What makes you act the way you do? A new study conducted by Colin G. DeYoung and colleagues from the University of Minnesota suggests that certain personality traits are related to certain brain structure sizes.
The study finds that extraverts have an enlarged orbitofrontal cortex, which is the part of the brain that registers rewards. These individuals are cheerful, assertive, and competitive.
However, the study could not find cause-and-effect, meaning scientists are still unsure whether the brain structure causes the personality trait or the trait causes the changes in brain structure, as personalities are (for the most part) constant, but do possess the ability to change over time.
The study used an MRI scan of over 100 people after each individual’s personality type had been determined by the Big Five: extraversion, agreeableness, conscientiousness, neuroticism, and openness/intellect.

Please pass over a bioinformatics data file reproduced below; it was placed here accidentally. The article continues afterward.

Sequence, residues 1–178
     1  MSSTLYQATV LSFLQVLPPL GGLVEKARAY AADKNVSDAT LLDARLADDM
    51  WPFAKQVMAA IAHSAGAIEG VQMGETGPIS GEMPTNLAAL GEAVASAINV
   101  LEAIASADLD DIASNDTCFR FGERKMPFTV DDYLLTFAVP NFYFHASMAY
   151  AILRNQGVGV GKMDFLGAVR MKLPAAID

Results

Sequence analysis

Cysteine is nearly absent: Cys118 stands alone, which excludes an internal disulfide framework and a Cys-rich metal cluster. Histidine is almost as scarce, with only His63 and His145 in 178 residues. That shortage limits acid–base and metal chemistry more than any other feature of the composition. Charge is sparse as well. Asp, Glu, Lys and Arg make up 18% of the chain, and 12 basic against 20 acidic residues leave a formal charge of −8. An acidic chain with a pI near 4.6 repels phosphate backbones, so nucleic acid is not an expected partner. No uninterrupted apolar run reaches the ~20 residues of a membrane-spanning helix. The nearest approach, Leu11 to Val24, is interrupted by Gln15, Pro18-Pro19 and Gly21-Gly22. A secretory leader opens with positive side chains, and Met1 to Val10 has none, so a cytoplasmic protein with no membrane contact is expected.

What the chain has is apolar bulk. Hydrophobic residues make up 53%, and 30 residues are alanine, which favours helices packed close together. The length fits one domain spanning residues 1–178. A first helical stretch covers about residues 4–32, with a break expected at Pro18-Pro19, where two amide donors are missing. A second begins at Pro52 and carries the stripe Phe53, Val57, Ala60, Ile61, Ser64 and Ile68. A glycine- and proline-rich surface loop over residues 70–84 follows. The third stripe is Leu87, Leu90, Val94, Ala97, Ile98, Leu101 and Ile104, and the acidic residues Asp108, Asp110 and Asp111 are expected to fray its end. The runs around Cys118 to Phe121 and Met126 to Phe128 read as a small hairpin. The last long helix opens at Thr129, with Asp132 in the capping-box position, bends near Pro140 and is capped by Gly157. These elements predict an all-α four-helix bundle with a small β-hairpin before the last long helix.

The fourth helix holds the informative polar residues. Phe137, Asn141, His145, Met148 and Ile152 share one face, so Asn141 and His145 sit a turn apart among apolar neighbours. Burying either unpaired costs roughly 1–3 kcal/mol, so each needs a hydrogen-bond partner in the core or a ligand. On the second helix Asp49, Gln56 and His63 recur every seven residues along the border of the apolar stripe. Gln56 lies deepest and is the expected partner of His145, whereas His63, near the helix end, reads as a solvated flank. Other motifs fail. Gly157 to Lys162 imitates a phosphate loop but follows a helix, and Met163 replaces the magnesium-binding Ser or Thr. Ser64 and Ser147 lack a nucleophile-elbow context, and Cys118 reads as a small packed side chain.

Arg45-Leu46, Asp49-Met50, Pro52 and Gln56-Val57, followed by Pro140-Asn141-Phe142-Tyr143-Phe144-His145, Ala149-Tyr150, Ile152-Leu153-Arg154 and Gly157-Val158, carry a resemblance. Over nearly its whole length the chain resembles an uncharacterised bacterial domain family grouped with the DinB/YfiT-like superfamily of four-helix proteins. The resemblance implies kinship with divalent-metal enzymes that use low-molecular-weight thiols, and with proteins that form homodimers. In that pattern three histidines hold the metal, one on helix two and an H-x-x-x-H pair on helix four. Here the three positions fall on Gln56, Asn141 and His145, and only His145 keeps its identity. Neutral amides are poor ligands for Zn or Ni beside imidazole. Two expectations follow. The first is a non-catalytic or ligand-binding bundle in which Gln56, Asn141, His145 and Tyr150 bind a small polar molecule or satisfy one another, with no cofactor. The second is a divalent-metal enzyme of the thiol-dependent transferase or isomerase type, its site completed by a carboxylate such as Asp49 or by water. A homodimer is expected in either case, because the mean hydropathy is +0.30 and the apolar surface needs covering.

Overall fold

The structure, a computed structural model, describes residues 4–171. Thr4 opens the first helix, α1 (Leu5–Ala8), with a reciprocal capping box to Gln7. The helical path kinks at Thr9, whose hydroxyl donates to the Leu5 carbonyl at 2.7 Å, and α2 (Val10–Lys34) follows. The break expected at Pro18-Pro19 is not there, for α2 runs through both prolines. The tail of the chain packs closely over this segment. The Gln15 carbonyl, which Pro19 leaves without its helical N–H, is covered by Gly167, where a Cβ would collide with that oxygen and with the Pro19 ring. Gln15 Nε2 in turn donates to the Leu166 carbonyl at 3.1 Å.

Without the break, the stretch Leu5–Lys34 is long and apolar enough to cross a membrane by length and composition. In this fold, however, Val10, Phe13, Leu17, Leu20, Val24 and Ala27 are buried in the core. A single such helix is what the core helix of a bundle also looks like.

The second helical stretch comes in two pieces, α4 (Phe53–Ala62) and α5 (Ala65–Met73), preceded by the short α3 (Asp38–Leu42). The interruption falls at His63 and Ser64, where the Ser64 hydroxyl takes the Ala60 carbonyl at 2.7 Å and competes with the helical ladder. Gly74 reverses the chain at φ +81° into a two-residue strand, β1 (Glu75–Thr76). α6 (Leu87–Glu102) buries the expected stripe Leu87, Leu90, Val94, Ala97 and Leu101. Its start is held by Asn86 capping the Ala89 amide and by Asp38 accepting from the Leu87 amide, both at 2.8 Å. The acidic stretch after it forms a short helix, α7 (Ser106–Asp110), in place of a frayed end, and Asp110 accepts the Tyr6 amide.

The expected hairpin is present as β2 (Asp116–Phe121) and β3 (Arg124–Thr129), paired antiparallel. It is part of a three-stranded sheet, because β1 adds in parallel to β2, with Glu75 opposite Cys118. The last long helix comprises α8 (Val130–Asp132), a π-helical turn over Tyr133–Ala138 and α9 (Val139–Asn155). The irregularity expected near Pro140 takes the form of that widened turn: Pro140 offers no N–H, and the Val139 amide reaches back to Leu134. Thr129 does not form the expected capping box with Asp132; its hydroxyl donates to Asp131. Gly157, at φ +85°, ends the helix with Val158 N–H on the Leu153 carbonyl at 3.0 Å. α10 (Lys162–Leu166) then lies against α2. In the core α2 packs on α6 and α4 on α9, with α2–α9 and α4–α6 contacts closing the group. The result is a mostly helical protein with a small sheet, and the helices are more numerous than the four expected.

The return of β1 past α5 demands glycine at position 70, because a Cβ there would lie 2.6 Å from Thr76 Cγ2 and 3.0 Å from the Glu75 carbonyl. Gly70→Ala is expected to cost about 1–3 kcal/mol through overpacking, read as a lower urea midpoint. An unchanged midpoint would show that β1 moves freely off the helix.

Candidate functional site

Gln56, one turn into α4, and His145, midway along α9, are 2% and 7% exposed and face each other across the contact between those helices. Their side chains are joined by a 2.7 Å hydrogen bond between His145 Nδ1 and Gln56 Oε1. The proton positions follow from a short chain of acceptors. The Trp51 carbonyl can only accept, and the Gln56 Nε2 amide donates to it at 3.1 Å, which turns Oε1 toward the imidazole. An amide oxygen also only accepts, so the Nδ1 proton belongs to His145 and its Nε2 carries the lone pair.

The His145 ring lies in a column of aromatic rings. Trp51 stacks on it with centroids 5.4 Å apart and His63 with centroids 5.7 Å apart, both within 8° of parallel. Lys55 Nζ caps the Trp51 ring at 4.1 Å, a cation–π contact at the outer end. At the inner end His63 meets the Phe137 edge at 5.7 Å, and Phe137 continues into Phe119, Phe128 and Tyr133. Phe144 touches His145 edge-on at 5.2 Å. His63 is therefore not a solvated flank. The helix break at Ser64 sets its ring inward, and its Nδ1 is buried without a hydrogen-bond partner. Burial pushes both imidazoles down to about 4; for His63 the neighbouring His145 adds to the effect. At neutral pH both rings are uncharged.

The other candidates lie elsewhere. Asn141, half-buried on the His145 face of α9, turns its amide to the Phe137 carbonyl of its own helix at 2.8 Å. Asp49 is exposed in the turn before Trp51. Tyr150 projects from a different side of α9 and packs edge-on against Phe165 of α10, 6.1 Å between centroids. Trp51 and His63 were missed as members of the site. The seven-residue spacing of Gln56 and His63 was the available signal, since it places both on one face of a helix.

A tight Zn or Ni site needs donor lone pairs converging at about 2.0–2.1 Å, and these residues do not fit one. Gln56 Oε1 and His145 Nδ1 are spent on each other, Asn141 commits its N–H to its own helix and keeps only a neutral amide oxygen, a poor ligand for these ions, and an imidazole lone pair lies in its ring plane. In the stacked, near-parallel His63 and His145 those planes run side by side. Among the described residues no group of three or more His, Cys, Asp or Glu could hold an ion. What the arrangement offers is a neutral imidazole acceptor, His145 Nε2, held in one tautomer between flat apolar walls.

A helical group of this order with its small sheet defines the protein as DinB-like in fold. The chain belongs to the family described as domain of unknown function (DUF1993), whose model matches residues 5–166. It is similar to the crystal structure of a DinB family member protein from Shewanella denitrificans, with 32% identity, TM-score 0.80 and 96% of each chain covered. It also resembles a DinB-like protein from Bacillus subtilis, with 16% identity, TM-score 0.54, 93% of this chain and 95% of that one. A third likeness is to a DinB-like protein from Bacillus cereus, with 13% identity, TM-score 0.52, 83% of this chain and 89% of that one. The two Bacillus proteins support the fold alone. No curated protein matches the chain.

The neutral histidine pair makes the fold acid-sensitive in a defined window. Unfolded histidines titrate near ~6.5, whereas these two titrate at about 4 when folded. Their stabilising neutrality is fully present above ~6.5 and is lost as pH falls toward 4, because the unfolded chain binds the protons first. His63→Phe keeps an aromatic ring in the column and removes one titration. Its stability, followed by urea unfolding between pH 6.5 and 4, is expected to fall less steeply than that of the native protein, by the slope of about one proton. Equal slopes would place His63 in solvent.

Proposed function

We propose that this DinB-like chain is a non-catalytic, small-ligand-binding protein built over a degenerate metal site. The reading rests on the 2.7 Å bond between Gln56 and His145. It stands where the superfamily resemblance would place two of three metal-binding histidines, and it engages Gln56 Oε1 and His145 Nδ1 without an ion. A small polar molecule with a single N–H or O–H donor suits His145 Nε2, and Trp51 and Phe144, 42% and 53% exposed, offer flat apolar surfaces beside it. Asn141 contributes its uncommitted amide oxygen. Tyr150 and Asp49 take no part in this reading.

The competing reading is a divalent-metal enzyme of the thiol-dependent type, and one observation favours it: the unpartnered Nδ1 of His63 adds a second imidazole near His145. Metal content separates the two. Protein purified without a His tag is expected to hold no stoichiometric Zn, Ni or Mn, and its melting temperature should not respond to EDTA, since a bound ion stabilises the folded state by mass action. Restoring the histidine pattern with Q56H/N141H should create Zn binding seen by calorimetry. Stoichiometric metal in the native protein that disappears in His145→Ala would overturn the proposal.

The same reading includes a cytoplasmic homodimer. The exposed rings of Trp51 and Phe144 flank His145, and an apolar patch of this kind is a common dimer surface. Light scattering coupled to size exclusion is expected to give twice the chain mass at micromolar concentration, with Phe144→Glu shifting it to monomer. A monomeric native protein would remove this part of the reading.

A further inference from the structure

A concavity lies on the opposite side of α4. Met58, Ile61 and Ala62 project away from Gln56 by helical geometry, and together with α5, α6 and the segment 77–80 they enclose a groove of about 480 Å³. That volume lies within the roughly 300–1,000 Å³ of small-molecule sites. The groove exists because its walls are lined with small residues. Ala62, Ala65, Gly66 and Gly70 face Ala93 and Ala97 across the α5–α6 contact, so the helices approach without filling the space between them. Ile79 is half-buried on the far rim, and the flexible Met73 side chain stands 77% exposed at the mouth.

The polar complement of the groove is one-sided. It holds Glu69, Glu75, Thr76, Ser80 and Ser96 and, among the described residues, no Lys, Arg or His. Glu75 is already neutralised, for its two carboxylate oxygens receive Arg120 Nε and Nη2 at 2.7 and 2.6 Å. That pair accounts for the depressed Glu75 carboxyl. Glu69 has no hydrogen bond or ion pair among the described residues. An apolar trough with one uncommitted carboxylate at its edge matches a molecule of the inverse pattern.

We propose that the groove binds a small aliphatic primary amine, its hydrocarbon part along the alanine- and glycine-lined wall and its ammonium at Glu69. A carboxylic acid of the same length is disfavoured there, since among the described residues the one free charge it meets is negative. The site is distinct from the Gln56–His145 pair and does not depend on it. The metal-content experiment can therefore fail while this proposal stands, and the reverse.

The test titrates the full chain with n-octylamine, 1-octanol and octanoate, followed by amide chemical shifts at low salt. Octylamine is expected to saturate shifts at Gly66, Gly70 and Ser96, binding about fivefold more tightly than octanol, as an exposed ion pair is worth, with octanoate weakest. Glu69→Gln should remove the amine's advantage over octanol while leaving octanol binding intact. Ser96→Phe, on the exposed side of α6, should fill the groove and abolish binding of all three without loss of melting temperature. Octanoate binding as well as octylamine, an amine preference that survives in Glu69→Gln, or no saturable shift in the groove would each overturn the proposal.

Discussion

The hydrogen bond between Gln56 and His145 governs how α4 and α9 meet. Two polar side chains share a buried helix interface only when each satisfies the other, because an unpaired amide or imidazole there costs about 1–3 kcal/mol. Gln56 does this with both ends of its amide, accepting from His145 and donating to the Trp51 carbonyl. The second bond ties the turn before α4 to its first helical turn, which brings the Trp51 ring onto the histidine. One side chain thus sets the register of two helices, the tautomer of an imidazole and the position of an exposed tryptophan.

Those identified as conscientious (hard working and self-disciplined) also had a large lateral prefrontal cortex.
Those identified as neurotic (negative and depressed) had a smaller medial prefrontal cortex, which regulates emotion.
Those identified as open (creative) actually had no drastic changes in brain structures.